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Voluntary Assisted Dying Laws (VAD) (WA)

Voluntary Assisted Dying (VAD), often called “voluntary euthanasia”, is legal in Western Australia under the Voluntary Assisted Dying Act 2019. The Act, which came into effect on 1 July, 2021, provides for and regulates access to VAD.


The Act states a person exercising a power of performing a function related to VAD must consider principles such as:

  • every human life has value;
  • a person’s autonomy in making end-of-life choices should be respected;
  • a person approaching the end of life should be provided with high-quality care and treatment to minimise their suffering and maximise their quality of life;
  • a person should be encouraged to openly discuss death and dying, and their preferences and values about their care, treatment and end of life should be encouraged and promoted.

A doctor or nurse practitioner can initiate a discussion about VAD with a patient as long as they also inform the patient at that time of treatment options and palliative care options, and the likely outcomes of those. Other health workers are prohibited from discussing VAD with a patient.


To be eligible for VAD, the person must:

  • be aged at least 18;
  • an Australian citizen or permanent resident and have lived in WA for at least 12 months;
  • have at least 1 disease, illness or medical condition that
    • is advanced, progressive and will cause death; and
    • will, on the balance of probabilities, case death within 6 months, or for a neurogenerative condition, within 12 months;
  • have decision-making capacity;
  • be acting voluntarily and without coercion;
  • have made request for it that is enduring.

A person is not eligible for VAD because they have a disability or a mental illness.


A first assessment is made by a co-ordinating practitioner, who decides whether the person is eligible. The practitioner must have completed approved training. They can refer the patient to a registered health practitioner if they cannot determine whether the patient has the requisite disease, illness or medical condition, or whether the patient has decision-making capacity in relation to VAD.

If the co-ordinating practitioner is satisfied the person is eligible, they must inform the person about matters including the patient’s diagnosis and prognosis; the potential risks of receiving a VAD substance for the purposes of death; and that the patient can discontinue the VAD process at any time.

A consulting medical practitioner must then conduct an independent assessment. If the practitioner confirms the person is eligible, other requirements under the Act must be followed, including the making of a written declaration, a final request and final review.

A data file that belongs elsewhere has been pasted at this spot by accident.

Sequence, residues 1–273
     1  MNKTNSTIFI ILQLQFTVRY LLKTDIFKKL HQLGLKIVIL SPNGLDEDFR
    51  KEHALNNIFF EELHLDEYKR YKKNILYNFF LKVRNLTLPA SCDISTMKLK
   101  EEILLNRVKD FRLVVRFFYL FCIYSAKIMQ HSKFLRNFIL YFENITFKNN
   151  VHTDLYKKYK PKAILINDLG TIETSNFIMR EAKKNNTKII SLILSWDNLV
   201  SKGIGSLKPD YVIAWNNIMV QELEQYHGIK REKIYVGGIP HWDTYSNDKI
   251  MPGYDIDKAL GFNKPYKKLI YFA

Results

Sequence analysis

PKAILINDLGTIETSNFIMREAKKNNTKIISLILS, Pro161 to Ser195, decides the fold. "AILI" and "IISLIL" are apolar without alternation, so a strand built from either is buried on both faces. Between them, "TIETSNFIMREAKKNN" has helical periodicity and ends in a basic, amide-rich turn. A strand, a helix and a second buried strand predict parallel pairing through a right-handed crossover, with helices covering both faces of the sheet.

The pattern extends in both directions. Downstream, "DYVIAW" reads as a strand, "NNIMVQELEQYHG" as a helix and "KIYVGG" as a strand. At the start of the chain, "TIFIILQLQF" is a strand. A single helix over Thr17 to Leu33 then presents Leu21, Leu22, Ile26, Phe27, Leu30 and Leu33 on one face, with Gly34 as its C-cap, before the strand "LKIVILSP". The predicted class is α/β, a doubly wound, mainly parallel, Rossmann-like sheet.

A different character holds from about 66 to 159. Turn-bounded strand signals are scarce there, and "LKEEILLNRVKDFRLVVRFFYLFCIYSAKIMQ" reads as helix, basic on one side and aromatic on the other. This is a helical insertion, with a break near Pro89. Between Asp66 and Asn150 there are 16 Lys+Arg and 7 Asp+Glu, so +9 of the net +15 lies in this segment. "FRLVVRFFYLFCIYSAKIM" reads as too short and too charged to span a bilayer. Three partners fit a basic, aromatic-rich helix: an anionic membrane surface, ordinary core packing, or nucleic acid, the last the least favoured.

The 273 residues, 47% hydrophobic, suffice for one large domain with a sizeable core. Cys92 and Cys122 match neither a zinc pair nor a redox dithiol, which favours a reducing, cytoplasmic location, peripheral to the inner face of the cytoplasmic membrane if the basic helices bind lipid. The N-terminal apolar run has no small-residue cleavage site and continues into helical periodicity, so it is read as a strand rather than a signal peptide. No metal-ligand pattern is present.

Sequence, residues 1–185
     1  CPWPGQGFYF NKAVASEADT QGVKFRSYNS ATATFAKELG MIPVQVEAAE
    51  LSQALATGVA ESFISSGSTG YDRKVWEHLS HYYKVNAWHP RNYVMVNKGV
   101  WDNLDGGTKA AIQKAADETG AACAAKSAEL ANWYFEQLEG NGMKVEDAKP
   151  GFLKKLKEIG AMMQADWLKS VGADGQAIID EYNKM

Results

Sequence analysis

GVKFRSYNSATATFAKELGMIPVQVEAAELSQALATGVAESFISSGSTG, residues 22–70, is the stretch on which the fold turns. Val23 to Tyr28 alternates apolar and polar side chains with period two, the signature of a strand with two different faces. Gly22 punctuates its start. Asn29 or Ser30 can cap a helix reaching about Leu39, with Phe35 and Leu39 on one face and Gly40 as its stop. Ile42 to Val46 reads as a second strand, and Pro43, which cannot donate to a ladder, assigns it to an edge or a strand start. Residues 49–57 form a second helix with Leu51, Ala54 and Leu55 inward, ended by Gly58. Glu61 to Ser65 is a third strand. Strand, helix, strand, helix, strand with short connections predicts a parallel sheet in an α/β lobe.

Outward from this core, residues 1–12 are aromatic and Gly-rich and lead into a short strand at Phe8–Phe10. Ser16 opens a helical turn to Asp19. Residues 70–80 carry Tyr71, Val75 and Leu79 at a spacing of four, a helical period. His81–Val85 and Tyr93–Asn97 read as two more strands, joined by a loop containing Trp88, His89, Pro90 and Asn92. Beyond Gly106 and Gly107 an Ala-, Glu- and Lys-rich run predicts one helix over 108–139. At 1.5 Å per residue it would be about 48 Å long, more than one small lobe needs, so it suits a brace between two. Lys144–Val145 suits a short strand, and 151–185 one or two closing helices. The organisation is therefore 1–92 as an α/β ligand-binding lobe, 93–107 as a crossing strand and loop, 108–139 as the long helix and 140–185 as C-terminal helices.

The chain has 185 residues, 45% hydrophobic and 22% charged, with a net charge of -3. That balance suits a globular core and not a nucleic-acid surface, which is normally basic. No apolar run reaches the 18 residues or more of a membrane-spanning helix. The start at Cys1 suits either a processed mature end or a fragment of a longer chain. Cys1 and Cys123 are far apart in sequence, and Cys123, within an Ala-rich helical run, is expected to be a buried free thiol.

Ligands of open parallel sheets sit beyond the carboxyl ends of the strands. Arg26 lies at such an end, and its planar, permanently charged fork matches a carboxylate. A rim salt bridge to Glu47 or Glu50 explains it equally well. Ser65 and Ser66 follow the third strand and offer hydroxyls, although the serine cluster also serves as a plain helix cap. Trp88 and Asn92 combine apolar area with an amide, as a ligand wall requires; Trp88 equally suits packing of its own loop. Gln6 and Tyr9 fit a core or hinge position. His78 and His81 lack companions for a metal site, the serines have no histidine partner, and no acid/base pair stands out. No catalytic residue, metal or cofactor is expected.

A doctor who has a conscientious objection to VAD has the right to refuse to take part in a VAD request and assessment process; to prescribe, supply or administer a VAD substance; and to be present when such a substance is administered.


The person can decide whether they will self-administer the VAD substance or have a medical practitioner administer it to them. If a person chooses to self-administer the substance, they can choose the time and place for this, and who can be present. If a practitioner administers the substance, this must be done in the presence of a witness, who must attest that the person’s request for VAD appeared to be free, voluntary and enduring, and that the substance was administered in their presence.

For the purposes of state law, a person who dies in accordance with VAD laws, does not die by suicide.


The Act contains many safeguards, including:

  • a person must make at least 3 separate requests for VAD;
  • a person who acts as a co-ordinating practitioner must have held general medical registration for at least 10 years, or specialist registration for at least 1 year;
  • a co-ordinating practitioner or consulting practitioner must not be a family member of the person, or a beneficiary under their will or otherwise benefit financially;
  • the requirement for a contact person when a person chooses self-administration. The contact person must receive the VAD substance from an authorised supplier, supply it to the patient, then give any unused substance to an authorised disposer;
  • strict laws for the prescription of a VAD substance, including that the prescription must state it is for a VAD substance and that the request and assessment process has been completed; and that the prescription must be given directly to an authorised supplier;
  • a Voluntary Assisted Dying Board, which ensures compliance with VAD laws.


The Act also contains offences relating to VAD which act as safeguards. If a person, by dishonesty, undue influence or coercion, induces another person to access VAD, they face a maximum penalty of 7 years imprisonment. If a person, by dishonesty, undue influence or coercion, induces another person to self-administer a prescribed substance, they face imprisonment for life.

If a person advertises a substance as a VAD substance, they face imprisonment for 3 years and a fine of $36,000. Presenting a false prescription for such a substance carries a penalty of 12 months imprisonment.

For advice or representation in any legal matter, please contact Armstrong Legal.

Sally Crosswell

This article was written by Sally Crosswell

Sally Crosswell has a Bachelor of Laws (Hons), a Bachelor of Communication and a Master of International and Community Development. She also completed a Graduate Diploma of Legal Practice at the College of Law. A former journalist, Sally has a keen interest in human rights law.

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